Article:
Some people might say (but you know the sort of things they say....) that this is more a bellwether to gauge audience reactions and objections before finalizing the details of their offer.

As far as causing uncertainty, Microsoft has made an art of that. Keeping everybody guessing - even after the fact - is not something Microsoft has a philosophical or moral issue with. If you don't believe it, try asking them a direct question about their licensing. You'll get some of the fanciest tap dancing all around the room since Mr. Bo-Jangles died.


Quote
As for the free upgrade, I will probably wait until the last week of the 11th month to see all the feedback on the bugs and issues etc., whether it's really worth it or better to stick with Win7 (unless the early feedback will be really amazing). But to be honest, all I heard so far is that they bring back features for which there are already better 3rd party tools anyway (like the Start menu), so I'm not seeing yet the fabulous benefits of upgrading.


Yep. It's mostly how to fix what's wrong without admitting it was your 'bad' that caused it.

However, Windows 8, once stripped of all the Sinofsky gingerbread & garland, is a really good OS. The underpinning system is easily the best  and most secure (which isn't saying much for that part) Microsoft ever came up with. It's solid and smooth. But like a puma in a pinafore, it's not the cat - it's that stupid dress they wrapped it in that screwed everything.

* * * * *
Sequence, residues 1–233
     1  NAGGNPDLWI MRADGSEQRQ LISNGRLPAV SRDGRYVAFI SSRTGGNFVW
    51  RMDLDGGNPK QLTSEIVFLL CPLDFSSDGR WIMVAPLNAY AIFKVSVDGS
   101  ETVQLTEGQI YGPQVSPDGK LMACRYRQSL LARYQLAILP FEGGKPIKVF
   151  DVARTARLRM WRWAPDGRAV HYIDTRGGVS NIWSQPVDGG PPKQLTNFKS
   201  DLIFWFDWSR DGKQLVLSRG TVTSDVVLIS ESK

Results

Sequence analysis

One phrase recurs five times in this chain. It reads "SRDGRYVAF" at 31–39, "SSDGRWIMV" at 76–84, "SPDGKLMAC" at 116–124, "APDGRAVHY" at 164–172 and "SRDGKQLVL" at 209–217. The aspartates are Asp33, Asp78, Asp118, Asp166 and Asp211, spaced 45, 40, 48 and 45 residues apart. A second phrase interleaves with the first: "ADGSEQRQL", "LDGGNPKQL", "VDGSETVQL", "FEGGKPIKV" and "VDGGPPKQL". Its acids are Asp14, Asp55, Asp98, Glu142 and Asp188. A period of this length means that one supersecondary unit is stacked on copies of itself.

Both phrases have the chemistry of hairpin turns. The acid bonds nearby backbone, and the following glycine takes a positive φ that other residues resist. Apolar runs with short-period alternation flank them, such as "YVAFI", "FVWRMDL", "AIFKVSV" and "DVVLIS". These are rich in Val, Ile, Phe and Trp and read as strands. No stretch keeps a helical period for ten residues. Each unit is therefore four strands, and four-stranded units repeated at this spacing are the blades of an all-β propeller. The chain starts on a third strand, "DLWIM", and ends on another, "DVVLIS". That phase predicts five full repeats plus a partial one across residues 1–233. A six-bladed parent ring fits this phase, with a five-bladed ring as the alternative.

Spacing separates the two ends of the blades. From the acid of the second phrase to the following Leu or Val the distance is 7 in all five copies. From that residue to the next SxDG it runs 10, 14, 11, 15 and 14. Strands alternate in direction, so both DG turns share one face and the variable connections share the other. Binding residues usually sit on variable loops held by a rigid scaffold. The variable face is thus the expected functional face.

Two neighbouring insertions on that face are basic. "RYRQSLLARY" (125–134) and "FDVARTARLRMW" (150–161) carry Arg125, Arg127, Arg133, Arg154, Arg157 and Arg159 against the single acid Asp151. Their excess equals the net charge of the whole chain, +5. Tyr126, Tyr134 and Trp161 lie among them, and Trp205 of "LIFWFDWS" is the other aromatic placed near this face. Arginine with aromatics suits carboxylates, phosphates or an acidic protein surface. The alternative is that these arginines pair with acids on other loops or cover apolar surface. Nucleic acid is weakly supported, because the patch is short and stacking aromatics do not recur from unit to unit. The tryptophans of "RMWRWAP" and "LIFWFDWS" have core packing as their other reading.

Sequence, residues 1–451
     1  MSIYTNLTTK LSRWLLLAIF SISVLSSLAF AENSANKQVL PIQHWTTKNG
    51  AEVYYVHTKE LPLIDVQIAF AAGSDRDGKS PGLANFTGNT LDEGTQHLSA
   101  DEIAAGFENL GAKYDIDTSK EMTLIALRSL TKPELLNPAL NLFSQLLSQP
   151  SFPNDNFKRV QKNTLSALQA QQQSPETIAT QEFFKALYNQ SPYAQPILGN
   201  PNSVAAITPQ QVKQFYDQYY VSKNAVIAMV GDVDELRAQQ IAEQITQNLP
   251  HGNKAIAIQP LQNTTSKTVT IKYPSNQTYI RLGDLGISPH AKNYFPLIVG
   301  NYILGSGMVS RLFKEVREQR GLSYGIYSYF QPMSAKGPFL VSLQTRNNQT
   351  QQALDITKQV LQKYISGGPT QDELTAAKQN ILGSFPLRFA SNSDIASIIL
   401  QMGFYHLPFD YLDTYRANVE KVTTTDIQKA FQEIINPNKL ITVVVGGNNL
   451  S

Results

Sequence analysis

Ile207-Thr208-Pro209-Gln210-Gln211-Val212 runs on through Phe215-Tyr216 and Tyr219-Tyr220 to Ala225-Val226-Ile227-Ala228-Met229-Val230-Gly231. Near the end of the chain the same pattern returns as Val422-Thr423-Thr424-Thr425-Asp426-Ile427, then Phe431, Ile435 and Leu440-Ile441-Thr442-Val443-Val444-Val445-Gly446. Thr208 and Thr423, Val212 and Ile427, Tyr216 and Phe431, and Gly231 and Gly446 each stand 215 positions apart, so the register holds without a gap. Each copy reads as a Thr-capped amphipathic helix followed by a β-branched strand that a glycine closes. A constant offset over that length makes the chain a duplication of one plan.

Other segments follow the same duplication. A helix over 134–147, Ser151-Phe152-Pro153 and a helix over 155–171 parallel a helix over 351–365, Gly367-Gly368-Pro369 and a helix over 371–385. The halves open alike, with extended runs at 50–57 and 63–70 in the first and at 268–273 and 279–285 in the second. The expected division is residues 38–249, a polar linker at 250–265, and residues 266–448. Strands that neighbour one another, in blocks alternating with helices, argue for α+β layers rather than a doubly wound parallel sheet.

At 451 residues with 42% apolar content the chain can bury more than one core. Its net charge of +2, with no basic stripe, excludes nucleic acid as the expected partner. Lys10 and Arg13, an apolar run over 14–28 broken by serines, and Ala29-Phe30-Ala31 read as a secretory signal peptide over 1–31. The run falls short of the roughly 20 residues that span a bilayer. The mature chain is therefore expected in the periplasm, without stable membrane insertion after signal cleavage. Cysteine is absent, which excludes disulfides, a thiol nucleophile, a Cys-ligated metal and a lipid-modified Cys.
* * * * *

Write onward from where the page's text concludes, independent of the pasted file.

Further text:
They intend to tombstone Windows 7. So as long as Windows 10 does as it claims on the tin, and doesn't try to fence you in too much without a viable escape hatch (which is probably too much to hope for), it's probably silly not to upgrade. Or at least no sillier than sticking with Windows to begin with.

« Last Edit: January 26, 2015, 07:03:30 PM by 40hz »

40hz

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Re: Windows 10 as an Internet service?
« Reply #28 on: January 26, 2015, 06:55:48 PM »
I wouldn't think you'd have to install it to get the upgrade, nor have zero media.  Why not get the upgrade, and just not install it?